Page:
an actual example of grace, like… in real life

Here’s an interesting story. The other day, I sat outside in our beautiful backyard, enjoying the sunshine as my older daughter swam in the pool, and my youngest daughter jumped in the trampoline.

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Notice the trampoline in the background.  Mind blowing photography.

My son and husband had just left to get semi-matching father/son haircuts (which I think is adorable).

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When styled, it looks like his dad’s. But that only happens on church days 😉
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Thanks for posing for me babe!

Back to the yard.  As I’m flipping through a magazine, I glance over at my youngest who was moments ago was happily bouncing on the trampoline in just a diaper.

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Pre-jump attire, boots and all!

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And here is where the story goes from happy everyday to miraculous.  But it’s a rough go, so give it a chance.

As I look now, to my horror, I watch my 18 month old bounce high in the trampoline, somehow, right through the open zipper part of the netting, and land DIRECTLY on her head (no hands, no feet to “help” in this fall) and then make a second BOUNCE right into the pool, face down, straight into the shallow (18 inch shelf) part of the water.

She missed the stair.

My heart leaps out of my throat.

She is face down, arms out, legs out in the shallow water.

At this point I am already running across the shelf to get to her. She’s been facedown in the water for maybe three to four seconds.  I knew as I was about to grab her that it wasn’t too long to be facedown in the water.  I knew when she gasped for air as I picked up her body that she wasn’t drowning.

As her wet, shaky body soaked my shirt, I just held her while she cried.  I held her against my body and began to pray.  I prayed fervently, in the Spirit, I prayed and prayed.  I didn’t have real words.  I just said things out loud in a hurried whisper to the Lord, asking Him to intervene.

She stopped crying after maybe 12 seconds.  She’s cried longer over us not letting her put on her shoes.

My older daughter decides she ready to get out of the pool.  I pull back my youngest to examine her head.  I notice a purple bump starting to form.  I am familiar with this type of bump that shoots out immediately, my son had one awhile back and it was shocking how fast that part of his head could make a mini black and blue golf ball appear out of his skull.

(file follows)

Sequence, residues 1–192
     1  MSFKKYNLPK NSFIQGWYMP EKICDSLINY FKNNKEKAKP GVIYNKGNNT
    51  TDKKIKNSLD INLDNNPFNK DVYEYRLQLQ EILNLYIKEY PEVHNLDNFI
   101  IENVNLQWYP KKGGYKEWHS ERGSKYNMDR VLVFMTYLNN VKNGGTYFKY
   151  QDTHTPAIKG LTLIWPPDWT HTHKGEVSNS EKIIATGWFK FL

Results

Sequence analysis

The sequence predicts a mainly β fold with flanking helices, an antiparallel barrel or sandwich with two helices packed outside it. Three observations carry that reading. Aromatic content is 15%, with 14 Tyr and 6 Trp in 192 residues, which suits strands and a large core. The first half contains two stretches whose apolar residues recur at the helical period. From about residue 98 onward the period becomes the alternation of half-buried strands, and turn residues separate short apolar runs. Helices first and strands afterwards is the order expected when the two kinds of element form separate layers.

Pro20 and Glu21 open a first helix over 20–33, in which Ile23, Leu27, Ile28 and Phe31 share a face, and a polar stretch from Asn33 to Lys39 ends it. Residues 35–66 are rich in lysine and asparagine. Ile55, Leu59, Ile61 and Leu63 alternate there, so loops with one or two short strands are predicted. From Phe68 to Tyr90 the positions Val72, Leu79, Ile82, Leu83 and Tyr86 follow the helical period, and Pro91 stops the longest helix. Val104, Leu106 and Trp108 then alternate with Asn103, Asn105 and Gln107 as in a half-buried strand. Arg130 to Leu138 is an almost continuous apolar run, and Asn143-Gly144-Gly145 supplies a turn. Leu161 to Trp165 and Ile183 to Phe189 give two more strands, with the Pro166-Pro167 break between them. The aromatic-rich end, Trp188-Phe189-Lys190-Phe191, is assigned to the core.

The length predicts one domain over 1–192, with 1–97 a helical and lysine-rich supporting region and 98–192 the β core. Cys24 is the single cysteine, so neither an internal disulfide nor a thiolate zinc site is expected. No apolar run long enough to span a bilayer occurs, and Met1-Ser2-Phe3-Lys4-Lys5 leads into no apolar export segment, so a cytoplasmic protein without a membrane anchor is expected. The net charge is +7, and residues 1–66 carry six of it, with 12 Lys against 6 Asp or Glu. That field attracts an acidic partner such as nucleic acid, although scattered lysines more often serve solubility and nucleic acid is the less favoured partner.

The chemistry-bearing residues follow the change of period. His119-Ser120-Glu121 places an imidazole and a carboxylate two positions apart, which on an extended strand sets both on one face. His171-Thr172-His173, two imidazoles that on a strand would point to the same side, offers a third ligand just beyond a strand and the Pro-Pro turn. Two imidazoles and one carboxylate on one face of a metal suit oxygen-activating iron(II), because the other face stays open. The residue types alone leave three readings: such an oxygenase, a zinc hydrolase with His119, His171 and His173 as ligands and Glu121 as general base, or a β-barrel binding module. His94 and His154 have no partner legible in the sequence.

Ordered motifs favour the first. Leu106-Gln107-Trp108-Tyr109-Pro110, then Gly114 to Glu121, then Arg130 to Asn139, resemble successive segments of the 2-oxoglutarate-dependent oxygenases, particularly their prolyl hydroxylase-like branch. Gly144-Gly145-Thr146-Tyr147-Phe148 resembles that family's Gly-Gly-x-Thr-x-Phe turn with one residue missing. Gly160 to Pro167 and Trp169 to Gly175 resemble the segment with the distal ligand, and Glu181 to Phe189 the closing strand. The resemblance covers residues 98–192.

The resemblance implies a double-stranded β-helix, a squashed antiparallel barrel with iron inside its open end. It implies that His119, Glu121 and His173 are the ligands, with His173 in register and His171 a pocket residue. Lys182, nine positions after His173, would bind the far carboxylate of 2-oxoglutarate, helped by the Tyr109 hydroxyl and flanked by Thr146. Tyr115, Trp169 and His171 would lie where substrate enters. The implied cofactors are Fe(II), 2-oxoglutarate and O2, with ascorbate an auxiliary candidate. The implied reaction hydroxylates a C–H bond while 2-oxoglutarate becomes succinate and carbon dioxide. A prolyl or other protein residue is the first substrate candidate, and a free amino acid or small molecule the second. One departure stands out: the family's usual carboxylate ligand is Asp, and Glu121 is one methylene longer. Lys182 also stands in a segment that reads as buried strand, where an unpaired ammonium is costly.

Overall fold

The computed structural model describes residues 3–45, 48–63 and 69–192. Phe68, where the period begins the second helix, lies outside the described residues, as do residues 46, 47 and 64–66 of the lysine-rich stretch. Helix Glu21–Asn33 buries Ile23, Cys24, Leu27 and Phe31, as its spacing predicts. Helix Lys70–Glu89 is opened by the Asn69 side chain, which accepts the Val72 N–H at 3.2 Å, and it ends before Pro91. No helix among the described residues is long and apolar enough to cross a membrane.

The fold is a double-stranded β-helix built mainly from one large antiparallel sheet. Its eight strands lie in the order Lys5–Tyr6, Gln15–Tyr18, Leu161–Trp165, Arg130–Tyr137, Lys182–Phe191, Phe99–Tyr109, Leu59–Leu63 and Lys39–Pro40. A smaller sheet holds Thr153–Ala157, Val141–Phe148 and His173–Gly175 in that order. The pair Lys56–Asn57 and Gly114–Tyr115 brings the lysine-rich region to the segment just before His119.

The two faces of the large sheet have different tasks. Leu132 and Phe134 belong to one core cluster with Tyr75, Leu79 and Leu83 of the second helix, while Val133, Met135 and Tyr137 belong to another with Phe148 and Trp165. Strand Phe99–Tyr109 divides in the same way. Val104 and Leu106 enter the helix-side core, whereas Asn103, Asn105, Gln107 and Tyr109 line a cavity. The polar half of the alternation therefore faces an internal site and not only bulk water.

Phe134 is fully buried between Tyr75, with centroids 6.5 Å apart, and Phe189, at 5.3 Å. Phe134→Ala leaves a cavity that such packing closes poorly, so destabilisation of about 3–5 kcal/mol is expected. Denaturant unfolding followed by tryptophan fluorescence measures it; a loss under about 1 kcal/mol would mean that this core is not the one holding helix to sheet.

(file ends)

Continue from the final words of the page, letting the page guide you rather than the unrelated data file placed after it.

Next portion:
I realize I need to get something cold on her head immediately.  I get my older daughter into a towel and head inside, hoping I have some frozen vegetables in the freezer.

That was a huge fall. Not only did she fall OUT of the trampoline (at least a good two feet), she then took a second and bounced off the concrete INTO the pool hard enough to miss the stair.

HOW does that happen?  WHY does this happen?

I get a bag of peas.  I try to lay her down and put the peas on her head.  She starts to scream, she is not having any of it. I get a second frozen bag of vegetables, and let her play with the cold corn while she sits in my lap.  She lets me put the peas on her head for maybe five or ten seconds before swatting the away.  I continue to pray.

I send my oldest upstairs to go play trains by herself.  She protests a bit.  It is only at this point she realizes I’m serious, and her eyes get big for a second.  It registers.  Mom is not joking.

I give the baby a few more minuets of frozen peas intervals until she decides she’s done with that.  I take her upstairs to get dressed, at least she needs some clothes.  As I lay her down to examine her head again, the bump looks smaller, and less purple, and more pink.  I question if I’m imagining things.  I decide I’m not and continue praying.

I check her pupil dilation, I look for any sign of distress, anything that is not normal.  She decides she wants to play with her older sister.  I let her, and continue to keep a hand on her (as much as she will let me) and pray.  I pray and pray.

I ask God to please make up for my huge failings as a mother, to intervene on my behalf, for my baby.  I remind the Lord that He loves her.  That He loves her more than I do.  I begin to calm down internally, a bit.  I remember that He loves her more then I do.

The scriptures in Matthew about sparrows and the number of hairs on our head rush through my mind.  I mix them into one in confusion:

Matthew 10:29-31″What is the price of two sparrows—one copper coin? But not a single sparrow can fall to the ground without your Father knowing it.  And the very hairs on your head are all numbered.  So don’t be afraid; you are more valuable to God than a whole flock of sparrows.”

So, God knows when the sparrow falls, He knows when my youngest falls.  He knows the hairs on my daughters head… she is valuable.

6:26-27 “Look at the birds. They don’t plant or harvest or store food in barns, for your heavenly Father feeds them. And aren’t you far more valuable to him than they are? Can all your worries add a single moment to your life?”

She is valuable to God.  He will intercede for her if it is in accordance with His will.  I beg Him that it is His will.

We go downstairs.

She eats a huge dinner.